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Reaching out to past customers is effective and gets results

David FullerJason had been struggling for months trying to drum up new business for his company. The marketing firm he hired to drive leads was expensive, and he wasn’t getting near enough increase in sales to offset costs that had been growing significantly. Despite being in business for 20 years, Jason felt at wit’s end. He had never spent so much time and energy on marketing with so little success.

Many business owners are feeling the pinch right now. On the one hand, their costs, such as labour, transport, inventory, and heating, are all going up substantially. On the other hand, margins are being squeezed and the profitability of many companies is declining. The resulting stress owners are feeling is substantial. There is considerable pressure for them to increase their sales to ensure that there is enough money in the bank to make payroll, pay all the bills, and pay taxes, all the while hoping that they are going to have something left at the end of the year to put away for their future.

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When we look at company growth, we need to consider churn rates. Churn rates or attrition rates are the number of customers that are leaving your company for whatever reason. For example, if you gain 100 customers in a year but lose 110, your churn or attrition rate is higher than your growth rate, and your business is probably in decline.

Before we consider spending money on marketing to gain new customers, we might want to consider why people are leaving us and fix the issue. This might include a re-evaluation of customer service, pricing, location, delivery, technical issues, and product or service quality, to name a few. I recently worked with a business owner who had seen a decline in her business from $1 million a year to less than $200,000 because she couldn’t manage her inventory and have the products on hand her customers needed.

The most common reason people divorce a business is that they had a bad interaction with one of your team members. If this is the case, it is essential to determine if the relationship can be mended and if the staff member should still be working for you.

Once we figure out why customers are leaving us and fix the issue, we are ready to move on to the one simple thing you can do to increase sales without spending a lot of money.

While most companies focus on growing their sales by attracting new customers, one simple way to increase sales that many forget is to reach out to past customers. These customers are people like you and me, who have bought from you in the past, but for some reason, have moved on to purchase from your competition or not at all. These customers have purchased from you before and are likely, if given the right opportunity, to purchase from you again. Unfortunately, many businesses forget about these old customers in their race to find new ones.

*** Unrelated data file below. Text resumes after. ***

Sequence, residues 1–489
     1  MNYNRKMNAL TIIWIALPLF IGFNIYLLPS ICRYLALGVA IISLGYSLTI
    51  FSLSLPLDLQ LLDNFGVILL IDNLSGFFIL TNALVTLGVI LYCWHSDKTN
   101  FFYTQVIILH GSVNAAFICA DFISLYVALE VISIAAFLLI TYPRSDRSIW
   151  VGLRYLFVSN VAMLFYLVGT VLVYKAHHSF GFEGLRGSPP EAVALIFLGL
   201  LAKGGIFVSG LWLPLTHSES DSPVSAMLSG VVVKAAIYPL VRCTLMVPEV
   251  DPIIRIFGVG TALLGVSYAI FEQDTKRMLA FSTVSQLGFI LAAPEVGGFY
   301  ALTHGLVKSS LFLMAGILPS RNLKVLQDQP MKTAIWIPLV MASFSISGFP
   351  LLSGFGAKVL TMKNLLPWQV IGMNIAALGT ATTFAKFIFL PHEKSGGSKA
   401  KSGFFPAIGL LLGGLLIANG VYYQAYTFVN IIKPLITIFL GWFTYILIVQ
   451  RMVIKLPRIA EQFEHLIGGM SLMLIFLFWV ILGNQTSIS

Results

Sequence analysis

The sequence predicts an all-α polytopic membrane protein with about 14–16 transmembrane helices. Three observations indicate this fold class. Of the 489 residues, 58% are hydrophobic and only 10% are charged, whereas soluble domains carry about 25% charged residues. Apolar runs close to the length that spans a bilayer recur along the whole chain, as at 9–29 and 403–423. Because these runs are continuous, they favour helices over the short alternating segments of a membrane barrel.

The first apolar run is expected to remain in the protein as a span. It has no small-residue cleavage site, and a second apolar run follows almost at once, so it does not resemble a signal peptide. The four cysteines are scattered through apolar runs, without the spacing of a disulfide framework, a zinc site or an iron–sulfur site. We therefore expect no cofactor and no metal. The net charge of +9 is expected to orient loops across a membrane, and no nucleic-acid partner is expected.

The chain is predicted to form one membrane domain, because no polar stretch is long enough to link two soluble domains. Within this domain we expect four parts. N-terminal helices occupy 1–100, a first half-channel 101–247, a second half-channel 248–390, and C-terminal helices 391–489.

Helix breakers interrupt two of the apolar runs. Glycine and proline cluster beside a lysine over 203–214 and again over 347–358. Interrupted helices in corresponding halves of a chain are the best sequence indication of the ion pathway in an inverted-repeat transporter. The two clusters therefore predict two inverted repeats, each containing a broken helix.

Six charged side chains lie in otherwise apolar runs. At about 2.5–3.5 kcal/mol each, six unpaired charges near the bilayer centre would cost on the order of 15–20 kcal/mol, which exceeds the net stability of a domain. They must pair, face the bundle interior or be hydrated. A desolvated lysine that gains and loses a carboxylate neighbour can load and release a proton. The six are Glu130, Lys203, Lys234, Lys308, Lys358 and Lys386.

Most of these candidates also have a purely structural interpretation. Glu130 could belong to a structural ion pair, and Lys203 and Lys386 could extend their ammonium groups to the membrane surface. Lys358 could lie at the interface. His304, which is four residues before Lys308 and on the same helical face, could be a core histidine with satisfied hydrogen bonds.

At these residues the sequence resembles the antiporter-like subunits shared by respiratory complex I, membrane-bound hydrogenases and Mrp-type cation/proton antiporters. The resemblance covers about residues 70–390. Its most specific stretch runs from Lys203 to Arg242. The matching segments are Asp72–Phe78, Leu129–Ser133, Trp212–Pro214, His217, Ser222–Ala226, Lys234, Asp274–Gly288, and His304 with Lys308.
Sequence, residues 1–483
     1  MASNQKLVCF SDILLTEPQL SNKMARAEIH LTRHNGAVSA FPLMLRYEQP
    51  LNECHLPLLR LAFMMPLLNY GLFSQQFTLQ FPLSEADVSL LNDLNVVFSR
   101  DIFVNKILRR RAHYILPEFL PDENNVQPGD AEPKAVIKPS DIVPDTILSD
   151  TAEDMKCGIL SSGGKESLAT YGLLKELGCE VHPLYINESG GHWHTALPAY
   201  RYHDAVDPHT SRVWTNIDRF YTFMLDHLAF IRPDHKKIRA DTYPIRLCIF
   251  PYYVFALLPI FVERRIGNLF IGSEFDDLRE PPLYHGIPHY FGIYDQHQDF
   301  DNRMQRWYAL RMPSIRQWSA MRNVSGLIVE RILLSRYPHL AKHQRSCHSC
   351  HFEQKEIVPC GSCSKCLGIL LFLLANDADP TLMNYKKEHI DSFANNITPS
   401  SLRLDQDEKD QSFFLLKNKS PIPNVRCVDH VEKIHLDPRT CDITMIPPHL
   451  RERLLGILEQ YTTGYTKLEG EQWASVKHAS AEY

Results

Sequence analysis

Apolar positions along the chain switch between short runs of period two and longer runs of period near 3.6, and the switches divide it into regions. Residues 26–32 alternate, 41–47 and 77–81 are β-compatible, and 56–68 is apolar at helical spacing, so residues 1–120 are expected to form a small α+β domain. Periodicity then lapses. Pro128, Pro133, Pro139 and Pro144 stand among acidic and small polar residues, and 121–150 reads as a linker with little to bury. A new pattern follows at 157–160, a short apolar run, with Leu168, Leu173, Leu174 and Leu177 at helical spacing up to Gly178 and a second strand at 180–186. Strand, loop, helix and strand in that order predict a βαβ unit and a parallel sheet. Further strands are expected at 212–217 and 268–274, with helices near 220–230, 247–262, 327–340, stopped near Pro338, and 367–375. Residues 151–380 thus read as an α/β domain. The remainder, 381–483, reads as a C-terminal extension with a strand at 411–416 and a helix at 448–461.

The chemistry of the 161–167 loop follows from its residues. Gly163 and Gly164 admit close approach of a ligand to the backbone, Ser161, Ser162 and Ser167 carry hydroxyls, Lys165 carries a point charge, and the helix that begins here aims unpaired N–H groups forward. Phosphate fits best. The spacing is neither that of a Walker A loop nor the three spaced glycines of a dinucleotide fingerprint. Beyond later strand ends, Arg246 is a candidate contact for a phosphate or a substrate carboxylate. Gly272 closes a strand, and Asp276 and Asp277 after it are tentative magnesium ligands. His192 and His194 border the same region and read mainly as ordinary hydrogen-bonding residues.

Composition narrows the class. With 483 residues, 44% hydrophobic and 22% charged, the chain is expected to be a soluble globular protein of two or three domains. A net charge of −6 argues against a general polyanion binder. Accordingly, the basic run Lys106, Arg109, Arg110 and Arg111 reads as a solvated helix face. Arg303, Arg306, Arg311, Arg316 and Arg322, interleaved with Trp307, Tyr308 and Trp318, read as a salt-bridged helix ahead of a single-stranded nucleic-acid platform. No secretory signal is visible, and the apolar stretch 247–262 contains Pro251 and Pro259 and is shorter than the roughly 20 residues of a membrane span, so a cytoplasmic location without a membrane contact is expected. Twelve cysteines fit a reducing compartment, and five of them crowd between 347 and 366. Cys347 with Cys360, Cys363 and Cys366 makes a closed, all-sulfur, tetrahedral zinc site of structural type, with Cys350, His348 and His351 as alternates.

If you have built a business with proper systems in place, there is a good chance that you can find out who those long-lost customers are. By spending time managing your database or working through old invoices or records, you can most likely dig up some names of past customers. Hopefully, if you have been around for a while, as Jason has been, you will have proper records of your customers, including contact information.

What happens next is up to you. However, coming up with a plan on how to reach out to past customers and invite them back is critical to your success. You will probably need to figure out why your customers have left you. In some cases, and depending on your business, you might want to have some crucial conversations with these former customers to understand why they left you and find out if you have genuinely fixed the issue.

Coming up with a plan to re-establish relationships with past customers may be easier than you think. In many cases it might just be a phone call or a visit from your sales rep. In other cases, it might take a personal invitation from the owner, whether with an email invite or a good old-fashioned postcard. The good news is that your past customers probably want to buy from you again if you were able to deliver something of value to them in the past.

If Jason lost 10 percent of his customers each year for over 20 years, he probably has a list of customers almost equal to twice the number of active customers he currently has on the books.

How many more customers or clients would you have next year if you were to reach out to those customers you haven’t heard from in a while? It seems simple, but reaching out to past customers is effective and does get results that drive your sales at little cost.

Dave Fuller, MBA, is an award-winning business coach and a partner with Pivotleader Inc.

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